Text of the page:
When Thorpey and Nas emerged from the gloaming in Karachi with England's first win in Pakistan in 31 years
One of the first things you notice when looking at this picture is that a flash has been used; not something we might think of as a key feature of cricket photography, given the sport is either played during the day or under the dazzling glare of floodlights. But the decision of the photographer, Laurence Griffiths, to illuminate the sweaty grins and sparkling whites of Graham Thorpe and Nasser Hussain as they walked off the field at Karachi's National Stadium sheds further light, as it were, on the circumstances of one of England's all-time great overseas Test wins.
Hussain was 18 months into his spell as captain, and had begun to forge the band-of-brothers team spirit that helped drag England up from the bottom of the unofficial Test rankings. Beating West Indies during the home summer, for the first time in 31 years, provided a measure of their progress, but few expected them to be a match for Pakistan on their first tour of the country since the Mike Gatting-Shakoor Rana finger-pointing fracas of 1987.
High-scoring draws in Lahore and Faisalabad left the series delicately poised going into the Test in Karachi, where Pakistan had not lost in more than 45 years of competition. But England hung in the game until the fifth day, then tenaciously set about chasing a target of 176 in 44 overs. Moin Khan, Pakistan's captain, tried to slow things down in the hope that fading light would save his side from defeat; but Steve Bucknor, the senior standing umpire, was having none of it as play was allowed to continue beyond the Maghrib prayer, Thorpe eventually inside-edging the winning runs to fine leg as the fielders stood around wondering where the ball had gone.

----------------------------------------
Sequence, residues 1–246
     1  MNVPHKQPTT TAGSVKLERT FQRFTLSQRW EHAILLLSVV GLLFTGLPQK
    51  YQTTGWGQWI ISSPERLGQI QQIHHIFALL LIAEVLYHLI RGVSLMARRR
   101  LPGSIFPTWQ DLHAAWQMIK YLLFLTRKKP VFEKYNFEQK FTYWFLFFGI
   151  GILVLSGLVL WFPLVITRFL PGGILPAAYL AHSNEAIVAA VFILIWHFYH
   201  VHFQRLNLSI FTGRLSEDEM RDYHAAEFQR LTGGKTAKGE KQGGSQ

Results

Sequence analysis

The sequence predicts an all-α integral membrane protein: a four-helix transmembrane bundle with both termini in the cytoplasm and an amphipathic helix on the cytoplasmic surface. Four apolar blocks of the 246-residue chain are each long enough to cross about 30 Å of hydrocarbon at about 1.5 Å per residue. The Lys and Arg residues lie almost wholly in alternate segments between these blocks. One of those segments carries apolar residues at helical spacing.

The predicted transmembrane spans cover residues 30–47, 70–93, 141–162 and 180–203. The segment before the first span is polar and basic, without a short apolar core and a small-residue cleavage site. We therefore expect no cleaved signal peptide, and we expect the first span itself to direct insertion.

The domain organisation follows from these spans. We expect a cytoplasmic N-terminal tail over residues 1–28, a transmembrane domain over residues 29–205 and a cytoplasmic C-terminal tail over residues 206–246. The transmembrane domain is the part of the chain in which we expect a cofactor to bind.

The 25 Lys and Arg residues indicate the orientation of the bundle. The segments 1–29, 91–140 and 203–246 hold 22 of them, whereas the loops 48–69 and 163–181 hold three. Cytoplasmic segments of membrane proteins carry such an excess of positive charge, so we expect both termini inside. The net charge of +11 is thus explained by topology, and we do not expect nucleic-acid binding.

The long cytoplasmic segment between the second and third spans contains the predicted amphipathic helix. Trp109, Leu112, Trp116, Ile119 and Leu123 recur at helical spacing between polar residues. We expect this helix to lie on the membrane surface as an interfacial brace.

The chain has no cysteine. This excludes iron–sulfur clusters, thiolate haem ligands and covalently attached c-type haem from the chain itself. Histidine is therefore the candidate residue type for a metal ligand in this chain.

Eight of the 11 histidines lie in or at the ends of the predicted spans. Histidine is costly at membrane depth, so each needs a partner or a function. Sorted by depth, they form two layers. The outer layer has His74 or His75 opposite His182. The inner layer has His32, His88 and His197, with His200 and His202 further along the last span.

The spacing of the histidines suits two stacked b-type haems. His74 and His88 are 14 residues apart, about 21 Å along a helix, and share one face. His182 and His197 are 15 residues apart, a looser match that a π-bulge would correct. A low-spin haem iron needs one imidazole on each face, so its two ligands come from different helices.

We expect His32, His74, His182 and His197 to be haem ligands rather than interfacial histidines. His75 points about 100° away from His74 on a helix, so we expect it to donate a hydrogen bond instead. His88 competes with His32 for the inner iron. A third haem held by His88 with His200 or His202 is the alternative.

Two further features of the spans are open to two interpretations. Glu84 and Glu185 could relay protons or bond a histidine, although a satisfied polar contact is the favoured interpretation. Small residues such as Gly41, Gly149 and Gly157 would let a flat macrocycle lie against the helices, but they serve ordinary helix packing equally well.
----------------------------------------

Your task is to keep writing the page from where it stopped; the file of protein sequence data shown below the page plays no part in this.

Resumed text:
Bucknor can just be glimpsed in the background, slowly making his way off in the manner of a beat cop who has done his small bit to dispense justice on this particular day. The sun has already sunk below the stands of the stadium and as Thorpe and Hussain, England's two dancers in the dark, share a momentary embrace to celebrate hard-won victory, it is as if the opposition has melted from the scene, too.
Watching the footage back, it is hard to gauge just how sepulchral the conditions had become. There are other, grainier photographs of the winning moment - using a longer exposure to let in more ambient light - which depict a brighter scene, the Pakistan players and groundsmen still visible milling around in the background. But the sharpness of Griffiths' high-contrast image gives us a glimpse, like the Matrix suddenly being revealed to our eyes. Minutes later, after the players had ascended to the dressing rooms, it would be pitch black at the ground.
England went on to win in Sri Lanka that winter, another improbable victory that made it four series victories in a row for Hussain. For a supporter of English cricket raised on the dross of the 1990s, it was a flash of inspiration in the gloom.
Alan Gardner is a deputy editor at ESPNcricinfo. @alanroderick
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